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Debate: If Sunderland don’t get promotion, should Parky get another crack at it?

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In the event that Sunderland don’t, for whatever reason, achieve promotion, would you let Phil Parkinson have another crack at getting the job done next season?

Sunderland v Fleetwood Town - Sky Bet League One - Stadium of Light Photo by Richard Sellers/EMPICS/PA Images via Getty Images

TOPIC/QUESTION: If Sunderland fail to gain promotion this season, either automatically or via the play-offs, do you believe in Phil Parkinson enough to give him another crack at getting the job done next season?


Phil Butler says...

My gut instinct is to say yes given Sunderland’s recent improvement in both performance and results. And, perhaps more importantly Parkinson’s discovery of a system which seems to be well-drilled into the starting eleven. However, I would have to say that it depends on how we finish the season.

Obviously, if Sunderland’s form takes a major nose-dive and they drop out of the promotion race, or even if Sunderland’s form leads us to look back on the past two months as a fluke compared with the form both before and after, then of course I will say Parkinson must go at the end of the season and someone else should come in to try and get us out of this league.

However, if Sunderland fail to get promoted but this is due to other teams’ extreme form, or just miss out in the play offs despite matching many of the current top six, then I will say that Parkinson deserves the summer to try and make things work once again.

This is not only due to the improved performances and his discovery of the 3-4-2-1 system, but also to the work he managed to do in January, and his experience as a manager between Championship and League One.

Although Sunderland’s January signings haven’t seen much action since the deadline, Parkinson clearly identified weaknesses in the squad and managed to bring in players - on no budget whatsoever - who have either contributed in the starting eleven (Bailey Wright), off the bench (Lafferty), or caused the players above them in the pecking order to raise their game (Scowen and arguably Semenyo).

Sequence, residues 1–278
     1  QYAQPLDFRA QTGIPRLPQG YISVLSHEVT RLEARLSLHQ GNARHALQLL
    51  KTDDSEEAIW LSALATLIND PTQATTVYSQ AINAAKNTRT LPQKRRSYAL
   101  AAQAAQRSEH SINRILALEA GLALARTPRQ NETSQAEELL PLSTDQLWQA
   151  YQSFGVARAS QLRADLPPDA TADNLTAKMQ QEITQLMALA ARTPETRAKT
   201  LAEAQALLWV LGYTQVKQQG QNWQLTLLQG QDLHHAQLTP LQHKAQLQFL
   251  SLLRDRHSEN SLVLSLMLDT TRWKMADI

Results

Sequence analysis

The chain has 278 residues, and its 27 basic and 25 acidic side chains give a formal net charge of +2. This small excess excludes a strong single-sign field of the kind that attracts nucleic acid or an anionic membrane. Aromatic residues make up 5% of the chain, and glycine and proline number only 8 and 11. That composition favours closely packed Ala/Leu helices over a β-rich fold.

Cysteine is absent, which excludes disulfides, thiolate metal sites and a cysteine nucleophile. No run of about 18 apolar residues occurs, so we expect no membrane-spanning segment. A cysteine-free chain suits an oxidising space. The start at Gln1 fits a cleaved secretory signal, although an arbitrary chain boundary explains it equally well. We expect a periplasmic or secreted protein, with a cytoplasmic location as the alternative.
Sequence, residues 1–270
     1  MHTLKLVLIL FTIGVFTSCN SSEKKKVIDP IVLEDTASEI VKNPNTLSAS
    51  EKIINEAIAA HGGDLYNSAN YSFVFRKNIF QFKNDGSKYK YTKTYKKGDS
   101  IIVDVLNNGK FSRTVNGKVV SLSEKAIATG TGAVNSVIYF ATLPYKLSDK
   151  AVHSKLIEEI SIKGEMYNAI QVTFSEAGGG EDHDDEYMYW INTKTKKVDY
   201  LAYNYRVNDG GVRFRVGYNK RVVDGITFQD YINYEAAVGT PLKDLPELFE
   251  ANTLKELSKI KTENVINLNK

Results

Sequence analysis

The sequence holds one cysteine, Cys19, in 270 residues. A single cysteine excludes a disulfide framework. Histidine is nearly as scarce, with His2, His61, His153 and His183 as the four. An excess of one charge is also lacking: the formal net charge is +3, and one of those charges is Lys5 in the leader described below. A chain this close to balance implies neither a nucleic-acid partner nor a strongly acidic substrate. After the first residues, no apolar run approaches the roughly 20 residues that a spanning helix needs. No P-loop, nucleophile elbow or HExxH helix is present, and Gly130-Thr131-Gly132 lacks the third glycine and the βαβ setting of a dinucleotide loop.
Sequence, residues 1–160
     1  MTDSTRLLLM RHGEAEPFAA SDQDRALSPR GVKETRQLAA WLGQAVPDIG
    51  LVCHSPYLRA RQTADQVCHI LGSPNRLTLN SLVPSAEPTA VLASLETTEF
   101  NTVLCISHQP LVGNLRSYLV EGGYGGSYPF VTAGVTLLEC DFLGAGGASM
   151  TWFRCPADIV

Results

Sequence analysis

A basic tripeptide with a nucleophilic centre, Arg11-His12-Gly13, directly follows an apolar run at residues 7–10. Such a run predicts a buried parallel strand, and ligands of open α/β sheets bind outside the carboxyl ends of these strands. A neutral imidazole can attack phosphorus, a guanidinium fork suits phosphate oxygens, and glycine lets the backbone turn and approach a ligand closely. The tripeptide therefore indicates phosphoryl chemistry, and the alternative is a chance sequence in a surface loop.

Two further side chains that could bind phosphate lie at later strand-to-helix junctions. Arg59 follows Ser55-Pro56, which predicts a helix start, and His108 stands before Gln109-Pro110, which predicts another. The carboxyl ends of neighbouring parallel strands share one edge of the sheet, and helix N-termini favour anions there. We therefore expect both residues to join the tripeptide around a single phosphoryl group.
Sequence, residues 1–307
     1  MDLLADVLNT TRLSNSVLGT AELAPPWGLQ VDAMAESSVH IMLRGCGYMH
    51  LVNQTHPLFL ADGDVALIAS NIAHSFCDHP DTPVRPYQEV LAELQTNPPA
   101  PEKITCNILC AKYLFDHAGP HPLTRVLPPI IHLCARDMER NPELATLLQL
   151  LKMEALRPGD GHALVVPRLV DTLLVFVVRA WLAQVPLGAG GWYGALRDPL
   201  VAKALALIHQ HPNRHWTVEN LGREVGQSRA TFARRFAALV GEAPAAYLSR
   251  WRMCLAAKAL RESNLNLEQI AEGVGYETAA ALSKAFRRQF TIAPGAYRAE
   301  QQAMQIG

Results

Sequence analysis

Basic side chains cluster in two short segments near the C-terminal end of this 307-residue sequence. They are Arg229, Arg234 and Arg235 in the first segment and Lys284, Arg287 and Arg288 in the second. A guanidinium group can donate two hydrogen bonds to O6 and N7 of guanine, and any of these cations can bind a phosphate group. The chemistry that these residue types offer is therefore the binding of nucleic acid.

This would need to be a key trait of whatever manager leads Sunderland into another season in League One, especially given the number of players out of contract in the summer.

Sunderland v Fleetwood Town - Sky Bet League One - Stadium of Light Photo by Richard Sellers/EMPICS/PA Images via Getty Images

Chris Wynn says...

There have been a lot of apologies dished out recently in Phil Parkinson’s direction for suggesting he be removed from his position.

These calls were made predominantly during the months of November and December- I was one who didn’t think he could turn it around, but I’m making no apologies for making the call.

We were truly awful in the majority of games from when he took over in October up to and including our low point that occurred on Boxing day, and those calls in my opinion were fully deserved.

Hence I wrote a piece in late November suggesting I didn’t think he’d get it right but I hoped he’d prove me wrong.

The credit for turning it around all goes to Phil Parkinson and is fully deserved, in the same way as the fully deserved criticism came his way initially.

Our position in League One is now looking almost identical to the one from the day he took charge. On that basis exclusively he’s doing an ‘ok’ job, but nothing spectacular when purely looking at the clubs position.

Statistics have clearly shown he knows what he’s doing when it comes to making us solid at the back and hard to beat, but they also suggest that we’re regressing when it comes to our forward play.

There are a number of recent victories that can be looked at as fortunate in the fact we did manage to get that goal that we could hold on to. Although again you have to quite rightly tip your cap to the organisation we have to be able to hold on to that lead.

He was brought in to achieve promotion and we’re in a position to do so. There is more than enough time left this season either to cement our place in next season’s Championship or simply implode and finish in mid-table mediocrity.

The bottom line for me is that Parkinson is in the same bracket as Ross and hasn’t achieved anything until we take the next step and get promoted. I’m fairly certain Parkinson would be the first to admit that’s how he his time at Sunderland will be judged.

As far as the future is concerned, whether I believe in Phil Parkinson or not, taking into account the state of the club at the present time, I fully expect Phil Parkinson to be Sunderland’s manager in August - whatever division we find ourselves in.

Considering his performance so far and the lack of obvious candidates available to take the reins, it’s not such a bad position to find ourselves in.